Interfaces is one of the primary mechanism that allows you to invert dependency so that implementations can depend on abstractions instead of the other way round. Therefore, if you follow the SOLID principles, interfaces should be preferred over direct instantiation.
Like any other language feature, it can be abused or over-used. But when used for dependency inversion it basically enhances your program's "composition" by making it easy to extend your program's behavior.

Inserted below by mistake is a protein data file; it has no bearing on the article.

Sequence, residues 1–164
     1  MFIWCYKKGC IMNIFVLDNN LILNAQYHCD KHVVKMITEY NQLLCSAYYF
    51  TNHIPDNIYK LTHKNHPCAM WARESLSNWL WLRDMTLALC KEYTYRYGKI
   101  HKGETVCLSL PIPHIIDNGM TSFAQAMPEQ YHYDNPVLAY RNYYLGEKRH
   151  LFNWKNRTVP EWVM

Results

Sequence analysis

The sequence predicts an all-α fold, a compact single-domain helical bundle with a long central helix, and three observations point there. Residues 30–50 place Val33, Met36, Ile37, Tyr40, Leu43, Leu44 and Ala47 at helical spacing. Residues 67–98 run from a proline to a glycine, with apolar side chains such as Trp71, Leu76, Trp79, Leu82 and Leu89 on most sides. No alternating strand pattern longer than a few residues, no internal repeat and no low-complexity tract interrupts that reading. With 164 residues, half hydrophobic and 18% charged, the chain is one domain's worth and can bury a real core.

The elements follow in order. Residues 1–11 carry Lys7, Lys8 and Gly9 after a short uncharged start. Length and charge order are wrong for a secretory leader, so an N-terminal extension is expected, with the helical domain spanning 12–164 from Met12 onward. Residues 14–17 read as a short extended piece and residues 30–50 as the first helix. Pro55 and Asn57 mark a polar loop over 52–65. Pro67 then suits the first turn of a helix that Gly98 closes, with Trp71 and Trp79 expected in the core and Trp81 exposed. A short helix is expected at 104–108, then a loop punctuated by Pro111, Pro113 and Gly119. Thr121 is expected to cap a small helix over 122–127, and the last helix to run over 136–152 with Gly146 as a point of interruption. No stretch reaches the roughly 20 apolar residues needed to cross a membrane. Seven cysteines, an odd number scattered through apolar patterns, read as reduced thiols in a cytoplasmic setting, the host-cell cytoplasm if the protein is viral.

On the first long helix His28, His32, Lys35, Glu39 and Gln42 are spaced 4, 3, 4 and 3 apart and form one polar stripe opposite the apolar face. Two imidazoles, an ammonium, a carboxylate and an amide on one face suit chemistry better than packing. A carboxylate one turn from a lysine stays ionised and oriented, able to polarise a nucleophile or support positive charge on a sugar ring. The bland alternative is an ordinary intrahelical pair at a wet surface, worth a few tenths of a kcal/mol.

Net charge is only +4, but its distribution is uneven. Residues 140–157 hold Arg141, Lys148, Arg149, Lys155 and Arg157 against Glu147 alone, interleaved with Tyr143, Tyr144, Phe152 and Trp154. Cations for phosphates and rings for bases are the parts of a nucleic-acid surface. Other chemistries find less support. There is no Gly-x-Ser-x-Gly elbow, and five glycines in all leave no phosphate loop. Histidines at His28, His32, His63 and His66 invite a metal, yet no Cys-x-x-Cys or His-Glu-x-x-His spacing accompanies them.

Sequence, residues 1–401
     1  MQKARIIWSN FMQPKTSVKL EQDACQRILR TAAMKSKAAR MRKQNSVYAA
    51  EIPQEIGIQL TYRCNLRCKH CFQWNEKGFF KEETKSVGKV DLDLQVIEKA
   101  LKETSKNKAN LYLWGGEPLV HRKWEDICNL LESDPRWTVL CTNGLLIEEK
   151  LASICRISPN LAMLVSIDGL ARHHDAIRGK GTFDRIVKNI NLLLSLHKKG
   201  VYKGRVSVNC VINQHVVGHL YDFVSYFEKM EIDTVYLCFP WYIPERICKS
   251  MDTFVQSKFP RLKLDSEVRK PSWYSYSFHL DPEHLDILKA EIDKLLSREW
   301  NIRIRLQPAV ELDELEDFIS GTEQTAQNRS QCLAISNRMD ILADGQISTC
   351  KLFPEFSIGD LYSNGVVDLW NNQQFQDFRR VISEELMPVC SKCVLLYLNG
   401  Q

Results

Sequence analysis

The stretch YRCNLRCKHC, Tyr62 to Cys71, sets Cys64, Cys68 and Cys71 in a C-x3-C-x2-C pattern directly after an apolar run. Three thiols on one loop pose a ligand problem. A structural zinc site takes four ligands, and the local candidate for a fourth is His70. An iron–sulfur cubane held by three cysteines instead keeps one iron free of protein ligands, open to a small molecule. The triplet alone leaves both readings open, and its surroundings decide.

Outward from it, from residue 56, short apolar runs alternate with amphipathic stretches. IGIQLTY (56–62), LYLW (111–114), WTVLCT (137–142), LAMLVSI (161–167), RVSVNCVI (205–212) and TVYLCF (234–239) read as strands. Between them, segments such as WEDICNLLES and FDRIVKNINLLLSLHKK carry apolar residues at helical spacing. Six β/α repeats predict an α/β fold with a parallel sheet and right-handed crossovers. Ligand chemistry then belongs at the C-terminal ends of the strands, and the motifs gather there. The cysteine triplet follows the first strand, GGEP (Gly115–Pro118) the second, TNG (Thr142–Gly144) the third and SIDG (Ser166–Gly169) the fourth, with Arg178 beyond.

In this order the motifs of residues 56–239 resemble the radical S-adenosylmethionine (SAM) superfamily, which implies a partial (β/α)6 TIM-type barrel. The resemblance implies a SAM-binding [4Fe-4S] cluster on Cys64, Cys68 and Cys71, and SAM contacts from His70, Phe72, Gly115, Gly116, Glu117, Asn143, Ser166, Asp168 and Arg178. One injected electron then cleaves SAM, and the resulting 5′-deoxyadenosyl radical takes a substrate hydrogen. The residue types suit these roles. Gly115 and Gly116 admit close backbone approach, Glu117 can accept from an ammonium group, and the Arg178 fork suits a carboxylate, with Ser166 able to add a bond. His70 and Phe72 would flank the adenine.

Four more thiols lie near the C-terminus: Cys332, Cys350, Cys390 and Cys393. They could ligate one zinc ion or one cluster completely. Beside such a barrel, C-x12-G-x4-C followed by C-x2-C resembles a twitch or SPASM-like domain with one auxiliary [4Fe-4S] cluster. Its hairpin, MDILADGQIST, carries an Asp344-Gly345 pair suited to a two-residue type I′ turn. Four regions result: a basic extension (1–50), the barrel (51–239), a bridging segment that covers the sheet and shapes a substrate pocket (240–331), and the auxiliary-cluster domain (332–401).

Of course, if you're creative enough you can probably figure out how to do dependency inversion without using interfaces. Languages without interfaces have been doing dependency inversion for a long time. The stdio/iostream API is one of the best example of this. It allows device drivers to be written for new character devices without needing programs that write to stdout to be recompiled. Otherwise every time someone comes up with a new line printer, terminal or serial modem you'd have to recompile almost every program on your OS.